U.S. firms lag in bids to develop Iraqi oil fields

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By Nathaniel Vaughn Kelso/The Washington Post - Dec. 13, 2009
By Ernesto Londoño
Sunday, December 13, 2009

BAGHDAD -- Chinese, Russian and European companies won the right this weekend to develop major oil fields in Iraq, while U.S. firms made a paltry showing at auctions that represent the first major incursion of foreign oil companies into Iraq in four decades.

The companies that secured 10 contracts in auctions held over the weekend and in June stand to profit handsomely, but they are taking a significant gamble.

Iraq has the third-largest proven crude reserves in the world, but the country remains perilous; it suffers from chronic corruption and acrimonious politics that have prevented the passing of new laws to regulate the sector.

Of the seven U.S. companies that registered for the auctions, only one emerged as the leading partner in a consortium that won a contract. Another U.S. company has a minority stake in a contract.

China's state-owned oil company has a major stake in two contracts. Russian firms are parties in two others.

European firms made a strong showing. Royal Dutch Shell, Italy's Eni, British Petroleum and Norway's Statoil got deals.

Companies from Malaysia and Angola were parties to five winning bids.

Oil analysts say the outcome was surprising, considering that U.S. oil companies have long yearned to work in Iraq.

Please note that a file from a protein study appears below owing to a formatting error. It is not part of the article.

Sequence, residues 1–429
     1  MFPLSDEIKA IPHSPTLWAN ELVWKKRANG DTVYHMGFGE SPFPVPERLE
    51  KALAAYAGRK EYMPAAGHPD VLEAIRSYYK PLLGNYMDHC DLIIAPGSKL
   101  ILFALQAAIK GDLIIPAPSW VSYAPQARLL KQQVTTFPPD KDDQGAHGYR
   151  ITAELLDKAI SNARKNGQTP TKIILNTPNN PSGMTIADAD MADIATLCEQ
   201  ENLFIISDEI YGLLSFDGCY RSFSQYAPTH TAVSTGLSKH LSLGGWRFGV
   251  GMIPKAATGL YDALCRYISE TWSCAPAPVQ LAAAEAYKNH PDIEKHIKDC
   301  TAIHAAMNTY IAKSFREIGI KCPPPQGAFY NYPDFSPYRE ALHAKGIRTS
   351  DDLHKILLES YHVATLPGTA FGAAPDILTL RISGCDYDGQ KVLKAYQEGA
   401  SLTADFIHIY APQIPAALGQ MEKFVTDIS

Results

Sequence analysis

The analysts said it is ironic that U.S. companies do not appear poised to cash in on the aftermath of a war that many in the United States and the Middle East argued was motivated by a desire to tap into Iraq's oil reserves.

After the invasion, the United States paid oil executives to advise Iraq's Oil Ministry and set up large military and civilian task forces to boost the country's ailing energy sector.

"American oil executives provided free training to the ministry," said Ben Lando, bureau chief of Iraq Oil Report, a trade news outlet. "It is quite strange that after wanting access to Iraqi oil for so long, U.S. companies have largely remained on the sidelines."

Security concerns, underscored by coordinated bombings Tuesday, and the threat of political instability as the U.S. military withdraws probably gave American oil executives pause, analysts said.


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